Dissolution of marriage: A step-by-step guide

Want to know if dissolution of marriage is the right option for you? We wrote you a step-by-step guide.

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What's Inside

Ending a marriage is not known to be easy. However, depending on where you live and your circumstances, you may have an option that’s typically quicker and less expensive than a divorce: dissolution of marriage. 

This guide will help you better understand what a dissolution of marriage is, its benefits compared to divorce, and how to dissolve a marriage.

What is a dissolution of marriage? 

In states that differentiate between a dissolution of marriage and a divorce, a dissolution (or summary dissolution) is typically a jointly filed, uncontested divorce involving spouses who agree on all the major terms of their divorce. 

Benefits of a dissolution of marriage vs. divorce

Choosing a dissolution rather than a divorce may mean:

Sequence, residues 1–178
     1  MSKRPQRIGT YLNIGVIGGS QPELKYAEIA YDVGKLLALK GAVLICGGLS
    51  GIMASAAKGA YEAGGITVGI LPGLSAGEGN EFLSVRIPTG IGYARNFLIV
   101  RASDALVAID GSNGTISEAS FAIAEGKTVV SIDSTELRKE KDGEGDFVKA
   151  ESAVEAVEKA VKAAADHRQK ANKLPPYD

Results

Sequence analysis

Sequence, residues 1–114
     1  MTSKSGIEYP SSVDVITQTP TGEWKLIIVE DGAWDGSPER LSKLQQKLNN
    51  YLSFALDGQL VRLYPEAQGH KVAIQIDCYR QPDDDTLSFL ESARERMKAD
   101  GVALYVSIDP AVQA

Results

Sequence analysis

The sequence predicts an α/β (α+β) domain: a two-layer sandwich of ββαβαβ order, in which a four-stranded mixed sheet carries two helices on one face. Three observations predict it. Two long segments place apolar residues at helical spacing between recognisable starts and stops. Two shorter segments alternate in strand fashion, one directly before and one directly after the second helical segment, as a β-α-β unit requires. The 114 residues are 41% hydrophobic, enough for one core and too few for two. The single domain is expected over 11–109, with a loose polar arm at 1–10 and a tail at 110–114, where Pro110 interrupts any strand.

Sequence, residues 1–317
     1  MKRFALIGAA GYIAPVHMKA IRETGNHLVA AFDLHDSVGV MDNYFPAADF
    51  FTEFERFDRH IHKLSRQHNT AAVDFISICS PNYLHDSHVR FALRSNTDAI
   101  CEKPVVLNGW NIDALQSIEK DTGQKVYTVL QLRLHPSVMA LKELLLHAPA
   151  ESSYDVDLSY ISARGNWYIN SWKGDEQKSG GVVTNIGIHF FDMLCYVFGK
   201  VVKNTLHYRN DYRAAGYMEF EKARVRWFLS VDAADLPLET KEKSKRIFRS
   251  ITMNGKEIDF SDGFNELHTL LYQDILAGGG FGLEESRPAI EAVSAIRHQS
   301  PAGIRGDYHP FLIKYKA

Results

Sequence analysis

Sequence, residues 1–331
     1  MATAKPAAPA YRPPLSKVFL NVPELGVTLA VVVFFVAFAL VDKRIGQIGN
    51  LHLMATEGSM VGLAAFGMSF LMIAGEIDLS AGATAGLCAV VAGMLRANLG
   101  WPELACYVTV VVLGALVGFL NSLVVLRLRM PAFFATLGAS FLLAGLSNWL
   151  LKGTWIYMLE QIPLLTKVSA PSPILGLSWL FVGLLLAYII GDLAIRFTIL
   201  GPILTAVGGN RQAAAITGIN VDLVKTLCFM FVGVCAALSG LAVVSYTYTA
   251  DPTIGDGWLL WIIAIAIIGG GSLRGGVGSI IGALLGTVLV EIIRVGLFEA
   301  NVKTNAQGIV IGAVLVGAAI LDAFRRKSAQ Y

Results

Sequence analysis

• More control over how you and your spouse will share assets and liabilities
  • More control over how you and your spouse will share parental responsibilities
  • Less litigation and time in court or negotiations (which often means significantly smaller legal fees)

However, you may also have to waive several rights and options in a dissolution that you wouldn’t have to waive in a standard divorce.

How do I dissolve my marriage?

There are several steps to dissolve a marriage, and each state’s options and procedures are different. Below is a general outline. Speak with the court clerk in your area to learn how to properly file your case.